Many people oversimplify the responsibilities of a Texas estate executor. They will tell you that an executor distributes someone’s property to their beneficiaries and attends court. Those certainly are some of the basic obligations of estate administration, but many other steps are necessary first.
It is the responsibility of the executor to notify creditors about estate proceedings and to repay someone’s financial obligations before they distribute property to beneficiaries. Executors who make mistakes in how they notify and repay creditors could end up personally responsible for those debts.
What must the executive do to protect themselves during estate administration in Texas?
They must provide creditors with proper notice
One of the first steps in estate administration after the courts appoint someone as an executor is for that individual to notify creditors. A thorough review of the deceased individual’s financial records and mail will typically help an executor identify the majority of their creditors.
An executor should send direct notification to all known creditors advising them of the upcoming probate proceedings so that they can make a claim for repayment in probate court. The executor also needs to publish notice in a local newspaper for unknown creditors to discover the probate proceedings. They will then wait to see who responds.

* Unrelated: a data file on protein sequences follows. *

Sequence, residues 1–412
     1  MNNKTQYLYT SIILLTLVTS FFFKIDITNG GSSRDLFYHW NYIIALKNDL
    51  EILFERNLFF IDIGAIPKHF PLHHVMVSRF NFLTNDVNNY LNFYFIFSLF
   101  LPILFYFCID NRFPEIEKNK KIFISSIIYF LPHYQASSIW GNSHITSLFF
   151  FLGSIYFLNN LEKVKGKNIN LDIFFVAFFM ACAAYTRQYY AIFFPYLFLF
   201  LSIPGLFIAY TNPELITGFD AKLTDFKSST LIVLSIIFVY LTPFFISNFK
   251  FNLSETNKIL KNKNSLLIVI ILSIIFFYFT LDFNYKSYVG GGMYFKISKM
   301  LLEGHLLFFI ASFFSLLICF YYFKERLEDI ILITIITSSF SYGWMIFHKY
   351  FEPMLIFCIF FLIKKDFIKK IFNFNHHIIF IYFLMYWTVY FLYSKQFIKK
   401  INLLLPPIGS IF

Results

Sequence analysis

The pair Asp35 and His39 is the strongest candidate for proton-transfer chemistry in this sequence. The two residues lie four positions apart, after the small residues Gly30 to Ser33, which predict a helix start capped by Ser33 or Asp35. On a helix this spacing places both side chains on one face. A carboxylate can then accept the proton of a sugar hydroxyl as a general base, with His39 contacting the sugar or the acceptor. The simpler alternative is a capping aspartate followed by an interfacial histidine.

Texas probate law grants creditors either six months from the date the courts appoint an executor or four months from the date they receive notice of estate administration from that executor to file a repayment claim. Once that window of time closes, creditors typically can no longer bring litigation against the estate related to unpaid debts.
Legal support can reduce the risk of major financial mistakes
Oversights in the early stages of estate administration can come back to haunt an executor. If they distribute assets improperly and cannot recover them from the beneficiaries, they may end up personally liable for a portion of the debts they failed to pay.
When the executor of a Texas estate cooperates with a probate lawyer, they will have an easier time complying with the requirements of estate administration to protect themselves from liability. Learning more about probate proceedings will help those tasks with estate administration better fulfill their obligations.